How much of a role do non-scientific factors play in shaping our environmental and public health policies? Are we doing a good job in objectively evaluating the data that influence these policies?
In a recent survey, George Mason University set out to see what the scientific community believes drives environmental policy. The report, “Expert Opinion on Regulatory Risk Assessment” surveyed three professional organizations: The Risk Assessment Specialty Section of the Society of Toxicology, The Dose Response Section of the Society for Risk Analysis, and the International Society for Regulatory Toxicology and Pharmacology.
The results were not encouraging (if you believe science should drive the decision making process). The report states in part, “…too little attention is being given to scientific factors and economic costs and benefits, and too much attention is given to environmental groups, the precautionary principle, media coverage, and political concerns.”
The criticism from the professional organizations includes the lack of scientific rigor currently being used. For example, a major part of risk assessment involves acquiring and evaluation of data. Yet, only 31% of the respondents report that “in their experience, such underlying raw data are ‘often’ or ‘always’ made available to assessors…”
Similarly, only 24% of the respondents report that “…consistent and transparent criteria are often or always used to evaluate the quality and reliability of studies.”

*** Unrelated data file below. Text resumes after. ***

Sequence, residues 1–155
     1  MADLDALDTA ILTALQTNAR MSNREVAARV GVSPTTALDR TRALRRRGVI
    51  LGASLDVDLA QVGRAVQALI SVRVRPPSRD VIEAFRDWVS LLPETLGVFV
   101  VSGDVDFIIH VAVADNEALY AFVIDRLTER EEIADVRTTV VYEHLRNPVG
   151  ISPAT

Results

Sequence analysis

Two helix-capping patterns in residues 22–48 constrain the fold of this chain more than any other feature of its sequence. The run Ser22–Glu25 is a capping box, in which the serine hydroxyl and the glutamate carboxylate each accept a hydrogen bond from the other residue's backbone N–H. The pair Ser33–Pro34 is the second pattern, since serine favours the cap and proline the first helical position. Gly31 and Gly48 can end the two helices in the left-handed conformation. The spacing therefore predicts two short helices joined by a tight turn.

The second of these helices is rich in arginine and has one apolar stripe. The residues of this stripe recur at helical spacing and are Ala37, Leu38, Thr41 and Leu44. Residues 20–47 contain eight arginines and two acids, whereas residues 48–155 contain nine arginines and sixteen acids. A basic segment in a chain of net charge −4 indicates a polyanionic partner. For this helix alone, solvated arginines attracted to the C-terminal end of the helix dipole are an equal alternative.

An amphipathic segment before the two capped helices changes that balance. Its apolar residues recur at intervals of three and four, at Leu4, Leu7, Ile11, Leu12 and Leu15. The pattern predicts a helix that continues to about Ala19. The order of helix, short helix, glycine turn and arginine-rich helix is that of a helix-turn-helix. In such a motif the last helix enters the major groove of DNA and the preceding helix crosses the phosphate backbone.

When asked how much weight risk managers give to a certain factor verses how much weight should be given, it’s quite a contrast. Ideally, risk managers believe they should focus on science, economic costs/benefits, and legal implications. In reality, it’s legal implications, political concerns, the precautionary principle, and environmental groups that get the greatest “weight of concern.”
Interestingly, political affiliation of the scientist had little or no bearing on what they believed was important – 99% of liberals and 100% of conservatives believe that scientific factors should have the greatest weight.
Policies relating to protection of our health, the health of our environment, and our economy can have significant and far-reaching impacts. Relegating decisions regarding these important issues to the most vocal, or what seems to be the most politically advantageous at the moment, is reckless and short sighted…and…in all likelihood, will not change any time soon.
To see a copy of the report from George Mason University, click here.